When it comes to climate change, one of the most effective mitigation options is to decarbonize the economy.1 Not only does the world need to rethink energy systems, transport technologies and materials production processes, but also the role of capital in financing the low-carbon transition. Low-carbon indices offer market participants an efficient way of managing and mitigating carbon-related financial risks within investments. Launched in August 2021, the S&P Carbon Control Indices seek to systematically reduce index-level carbon intensity2 relative to its underlying benchmark while maintaining similar industry group and country composition. Here, we explore how.
How Are the S&P Carbon Control Indices Constructed?
Exhibit 1 highlights how the S&P Carbon Control Indices are constructed. First, within each underlying universe, the carbon control index excludes based on a variety of factors, including:
- Companies with poor S&P DJI ESG Score3 relative to their GICS industry group peers;
- Companies involved in detrimental business activities; and
- UNGC violators and companies involved in controversies.
Then, the index reweights stocks to minimize index-level-weighted average carbon intensity compared to that of its market-cap-weighted benchmark.4
Understanding Sources of Emissions
Unsurprisingly, when looking at sectors more closely, we find that Utilities, Materials and Energy have been the largest carbon emitters of direct and first-tier upstream emissions per unit of revenue,5 accounting for more than 80% of total emissions. It’s also interesting to note how Utilities and Materials companies within emerging markets are more carbon intense than their counterparts in the developed market region (see Exhibit 2). It follows that the S&P Carbon Control Indices underweighted those sectors while overweighting Financials, Information Technology and Communication Services, whose products and services have been generally low-carbon intense (see Exhibit 3).
Systematically Reducing Carbon Intensity
As seen in Exhibit 5, the S&P Carbon Control Indices minimized index-level weighted average carbon intensity by 70% and 80%, for the developed and emerging market regions, respectively. Further, they also reduced fossil fuel reserves emissions by 100%, mostly due to the fossil fuel exclusions. As these indices also incorporate the S&P DJI ESG Score into the selection stage of index constituents, it also provides an overall improvement of the index-level S&P DJI ESG Score and its sub-dimensional scores. This is a beneficial outcome: S&P DJI ESG Scores cover far more areas than carbon emissions, thus only incorporating carbon intensity would not guarantee that broader ESG objectives would be accounted for.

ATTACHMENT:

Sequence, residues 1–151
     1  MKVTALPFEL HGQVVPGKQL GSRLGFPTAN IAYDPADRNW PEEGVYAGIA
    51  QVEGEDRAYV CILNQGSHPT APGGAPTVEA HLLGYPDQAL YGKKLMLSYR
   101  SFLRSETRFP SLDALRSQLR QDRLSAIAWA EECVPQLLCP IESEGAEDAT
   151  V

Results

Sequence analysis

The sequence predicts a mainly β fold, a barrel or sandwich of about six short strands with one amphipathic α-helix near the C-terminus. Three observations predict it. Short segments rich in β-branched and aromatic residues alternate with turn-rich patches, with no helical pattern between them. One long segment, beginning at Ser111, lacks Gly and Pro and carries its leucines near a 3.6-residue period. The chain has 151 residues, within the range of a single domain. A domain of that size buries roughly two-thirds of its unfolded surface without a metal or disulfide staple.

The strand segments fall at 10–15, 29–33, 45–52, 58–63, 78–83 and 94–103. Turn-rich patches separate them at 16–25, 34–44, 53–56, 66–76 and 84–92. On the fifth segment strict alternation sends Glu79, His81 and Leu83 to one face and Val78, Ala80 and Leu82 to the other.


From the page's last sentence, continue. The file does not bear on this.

The S&P Carbon Control Indices have shown positive performance relative to their market-cap-weighted benchmarks, both in the back-tested and live periods of the indices, with a three-year tracking error of 1.16% and 1.36% for the emerging and developed market regions, respectively.
As the world pushes to transition to a greener economy, carbon will continue to represent an imminent risk for businesses and the investment community alike. The S&P Carbon Control Indices combine selection and reweighting approaches that significantly reduce index-level carbon intensity relative to their underlying benchmarks. Simply put, these indices provide a relative improvement—not an absolute one. For carbon-conscious market participants, this may be just the right fit.
1 According to the IPCC, to keep warming below 1.5°C as called for in the Paris Agreement, by 2030, global emissions need to be reduced by 45% and reach net zero by 2050. Please note that the S&P Carbon Control Indices do not seek to align with the objectives of the Paris Agreement to keep warming below 1.5°C.
2 Carbon intensity is defined as the metrics tons of operational and first-tier supply chain carbon emissions per USD 1 million in revenues.
3 For more information on S&P DJI ESG Scores, please see here.
4 For more information on the S&P Carbon Control Indices, please refer to the methodology.
5 For more information on greenhouse gas emissions calculated by Trucost, please see here.
6 For more information on index carbon metrics, please see here.The posts on this blog are opinions, not advice. Please read our Disclaimers.